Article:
Making medical care and research rational and affordable.

Sunil K. Pandya



Expenditure on insurance, consultations, the multitude of tests ordered by the doctor, and very expensive drugs make the treatment of illness a great burden. Should the patient need admission to a hospital and, worse, an intensive care unit, the load becomes almost unbearable. Medical research has moved from the domain of the single keen observer to that of highly qualified experts working in laboratories containing costly equipment. The budget for these projects now runs into lakhs or crores of rupees.

This essay questions current practices and suggests the need for a return to simplicity without any compromise on efficacy. Placing the patient at the centre of our attention and focusing on affording the best of care at least expense will result in the elimination of unnecessary tests, the use of rational, generic drugs and greater harmony between patients and their medical attendants. It will also help restore dignity to the patient and his family. They can hope for the return of health without a descent into poverty and debt.


The escalating cost of medical care, unaccompanied by a corresponding increase in its efficacy, has become a subject of universal concern. In some instances, the efficacy of medical care decreases in inverse proportion to the rise in costs. An obvious example is the rise in the number of tests demanded by doctors and the lack of relevance of the findings of these tests to the care of the patient.

It is especially important for us to try to reach the ideal in cost-effective medical care as we have one-third of the world’s poorest citizens. The plight of the sick in villages is, indeed, pitiable. Steps are necessary to ameliorate their predicament.

In private hospitals, the need to show increasing profits conflicts with the aims of humane and effective medical care.

The increasing use of medical insurance, rules devised by insurance companies, development of third party agencies that decide on whether or not insurance claims are genuine, and pressures on doctors and hospitals to maximise their incomes can lead to irrational practices and escalating costs. Keeping the patient in hospital for a minimum of twenty-four hours in order to validate his claim for reimbursement by the insurance company is an example. A patient who could have been sent home now occupies a bed merely to satisfy the requirements of the insurance company.

Medical research was earlier based on careful observation at the bedside. The progress of disease was recorded, leading to our understanding of the natural history of disease. The effects of a drug were similarly observed and recorded. A fine example is the work of Dr. William Withering on the use of the foxglove in the treatment of dropsy following poor function of the heart (1). The product derived from the study by this 18th century country doctor – digitalis – remains an important drug. Current medical research is much more complex, involving as it does detailed analyses and the use of expensive equipment and tests. Costs have rocketed as a consequence. There is need to ensure that expenses are kept to a minimum whilst safety and efficacy are maintained.

This essay attempts an analysis of some deleterious trends and suggests curative steps.


Webster’s New World College Dictionary defines “cost-effective” as “producing good results for the amount of money spent; efficient or economical” (2). When applied to the care of patients, the definition must also include the satisfaction of the patient and family with the measures adopted.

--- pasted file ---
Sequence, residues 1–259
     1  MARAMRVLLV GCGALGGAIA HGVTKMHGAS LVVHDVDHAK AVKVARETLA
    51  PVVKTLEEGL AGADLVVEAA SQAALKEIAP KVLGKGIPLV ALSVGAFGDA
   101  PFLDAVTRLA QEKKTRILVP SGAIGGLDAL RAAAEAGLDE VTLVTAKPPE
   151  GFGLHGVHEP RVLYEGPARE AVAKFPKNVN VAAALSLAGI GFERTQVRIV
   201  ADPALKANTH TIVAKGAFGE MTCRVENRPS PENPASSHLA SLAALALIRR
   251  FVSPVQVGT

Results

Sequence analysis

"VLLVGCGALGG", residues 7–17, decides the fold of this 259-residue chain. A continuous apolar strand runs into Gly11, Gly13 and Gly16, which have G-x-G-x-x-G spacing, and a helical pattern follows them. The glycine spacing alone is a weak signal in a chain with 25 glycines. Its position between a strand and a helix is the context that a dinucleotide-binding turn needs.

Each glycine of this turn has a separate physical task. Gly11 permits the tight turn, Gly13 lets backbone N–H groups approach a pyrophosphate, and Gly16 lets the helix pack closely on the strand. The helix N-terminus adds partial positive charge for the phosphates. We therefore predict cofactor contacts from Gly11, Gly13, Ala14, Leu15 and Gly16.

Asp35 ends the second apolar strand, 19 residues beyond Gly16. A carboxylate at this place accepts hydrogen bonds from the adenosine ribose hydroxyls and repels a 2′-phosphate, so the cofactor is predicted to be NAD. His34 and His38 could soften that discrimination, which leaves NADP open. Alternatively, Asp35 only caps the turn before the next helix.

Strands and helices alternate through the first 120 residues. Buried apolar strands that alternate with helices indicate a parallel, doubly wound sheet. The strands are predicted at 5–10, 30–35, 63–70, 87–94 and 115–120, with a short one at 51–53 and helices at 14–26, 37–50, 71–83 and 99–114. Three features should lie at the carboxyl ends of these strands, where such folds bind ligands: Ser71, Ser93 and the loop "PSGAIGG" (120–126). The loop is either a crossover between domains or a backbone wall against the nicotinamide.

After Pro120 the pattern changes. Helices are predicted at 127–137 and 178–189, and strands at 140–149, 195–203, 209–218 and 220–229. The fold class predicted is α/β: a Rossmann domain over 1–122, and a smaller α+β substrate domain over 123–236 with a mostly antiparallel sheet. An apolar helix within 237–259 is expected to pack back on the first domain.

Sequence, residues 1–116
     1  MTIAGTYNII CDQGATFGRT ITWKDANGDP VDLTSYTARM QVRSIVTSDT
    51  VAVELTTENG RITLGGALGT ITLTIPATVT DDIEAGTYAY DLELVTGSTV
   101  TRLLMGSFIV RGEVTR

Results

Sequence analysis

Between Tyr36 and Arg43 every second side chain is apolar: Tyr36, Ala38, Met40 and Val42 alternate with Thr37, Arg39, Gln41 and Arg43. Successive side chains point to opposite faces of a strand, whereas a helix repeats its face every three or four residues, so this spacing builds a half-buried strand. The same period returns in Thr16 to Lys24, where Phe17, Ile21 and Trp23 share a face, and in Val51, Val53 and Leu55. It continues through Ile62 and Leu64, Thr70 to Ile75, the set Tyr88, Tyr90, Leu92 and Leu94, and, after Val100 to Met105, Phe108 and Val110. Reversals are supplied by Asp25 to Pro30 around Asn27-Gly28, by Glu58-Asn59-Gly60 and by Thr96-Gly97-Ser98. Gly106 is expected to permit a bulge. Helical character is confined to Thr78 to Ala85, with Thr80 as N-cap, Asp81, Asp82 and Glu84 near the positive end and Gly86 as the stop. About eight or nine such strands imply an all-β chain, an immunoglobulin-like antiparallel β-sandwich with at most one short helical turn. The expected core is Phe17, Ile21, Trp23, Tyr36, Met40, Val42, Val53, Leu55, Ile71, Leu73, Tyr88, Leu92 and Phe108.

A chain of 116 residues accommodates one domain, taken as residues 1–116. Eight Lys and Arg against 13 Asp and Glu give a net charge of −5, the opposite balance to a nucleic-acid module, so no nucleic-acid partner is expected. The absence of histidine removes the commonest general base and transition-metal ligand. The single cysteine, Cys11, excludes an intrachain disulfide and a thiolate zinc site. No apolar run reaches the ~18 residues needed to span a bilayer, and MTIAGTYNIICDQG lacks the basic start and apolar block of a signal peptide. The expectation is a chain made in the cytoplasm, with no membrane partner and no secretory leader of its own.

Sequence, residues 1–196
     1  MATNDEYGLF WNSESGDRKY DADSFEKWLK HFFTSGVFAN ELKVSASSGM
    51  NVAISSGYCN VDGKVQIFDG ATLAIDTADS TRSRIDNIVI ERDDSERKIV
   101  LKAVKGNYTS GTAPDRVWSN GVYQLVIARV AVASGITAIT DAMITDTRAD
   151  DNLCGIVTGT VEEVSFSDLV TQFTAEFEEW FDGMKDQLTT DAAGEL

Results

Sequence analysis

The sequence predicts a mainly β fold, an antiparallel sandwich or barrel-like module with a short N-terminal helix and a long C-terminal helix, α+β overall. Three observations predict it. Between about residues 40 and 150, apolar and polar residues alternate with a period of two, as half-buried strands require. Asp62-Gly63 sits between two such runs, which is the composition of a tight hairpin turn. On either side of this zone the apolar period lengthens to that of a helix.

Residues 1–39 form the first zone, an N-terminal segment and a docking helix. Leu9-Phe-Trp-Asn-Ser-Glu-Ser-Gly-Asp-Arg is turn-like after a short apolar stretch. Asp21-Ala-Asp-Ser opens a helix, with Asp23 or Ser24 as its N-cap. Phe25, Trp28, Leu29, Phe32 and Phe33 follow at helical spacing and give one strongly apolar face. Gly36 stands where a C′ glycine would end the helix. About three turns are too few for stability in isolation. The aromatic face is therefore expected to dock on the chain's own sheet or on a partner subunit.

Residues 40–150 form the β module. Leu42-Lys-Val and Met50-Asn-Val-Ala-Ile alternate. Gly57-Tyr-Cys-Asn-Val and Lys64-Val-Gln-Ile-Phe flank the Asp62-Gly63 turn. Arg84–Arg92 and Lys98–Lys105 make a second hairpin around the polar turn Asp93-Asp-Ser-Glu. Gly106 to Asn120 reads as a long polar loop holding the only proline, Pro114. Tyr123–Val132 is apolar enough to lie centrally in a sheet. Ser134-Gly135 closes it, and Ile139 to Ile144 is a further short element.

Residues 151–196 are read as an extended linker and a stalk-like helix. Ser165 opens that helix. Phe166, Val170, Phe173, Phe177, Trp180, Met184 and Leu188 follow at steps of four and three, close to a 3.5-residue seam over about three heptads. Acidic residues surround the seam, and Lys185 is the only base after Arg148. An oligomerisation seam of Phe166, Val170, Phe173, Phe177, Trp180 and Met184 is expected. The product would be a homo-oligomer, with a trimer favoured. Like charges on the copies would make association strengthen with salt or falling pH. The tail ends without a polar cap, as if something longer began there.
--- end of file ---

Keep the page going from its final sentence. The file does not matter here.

Reduction of costs

Clinical examination of the patient and tests ordered by the doctor

Listening and talking to the patient

When the priority is seeing increasing numbers of patients in order to maximise income, the first casualty is the time spent with each patient. Most patients leave the doctor’s consulting room with feelings such as, “The doctor never told me what I need to know. I could not ask him important questions and clear my doubts.” If the doctor were to be questioned, his answer would be simple: “I have to see so many patients. I cannot afford to spare more than a few minutes for each patient.”

Worse, the doctor attempts to compensate for his failure to obtain a detailed history and perform a careful examination by obtaining information through a battery of tests, many of them expensive. In doing so, the doctor violates the hallowed principles of clinical medicine laid down by the great masters. Here are two examples.

  • Listen to your patient, he is telling you the diagnosis. – Sir William Osler, Regius Professor of Medicine, Oxford University (3)
  • If you have 10 minutes to spend with a patient, spend nine on the history. – Dr Robert J Joynt (4), editor of Archives of Neurology, Seminars in Neurology, co-author of Baker and Joynt’s Clinical Neurology, and founder of the department of neurology at the University of Rochester Medical Center)

Clinical assessment of the patient, when performed well, can help avoid unnecessary and expensive tests, with benefit to the patient. It also helps in building the basis for a good doctor–patient relationship.

Using expensive laboratory or imaging tests in preference to the use of clinical acumen in making a diagnosis has become all too evident. Attempts to understand the natural history of the patient’s illness are giving way to rapid-fire investigations and gunshot therapy. In part, the use of expensive tests may also be gaining prominence because of the “incentives” offered by laboratories and scan centres. A portion of the fees paid by the patient to the centre is passed on to the clinician. This unethical conduct is camouflaged by the use of terms such as “fees for clinical assessment” or “provision of clinical details”. Such sugar-coating appears to assuage the conscience of many colleagues.

Tests ordered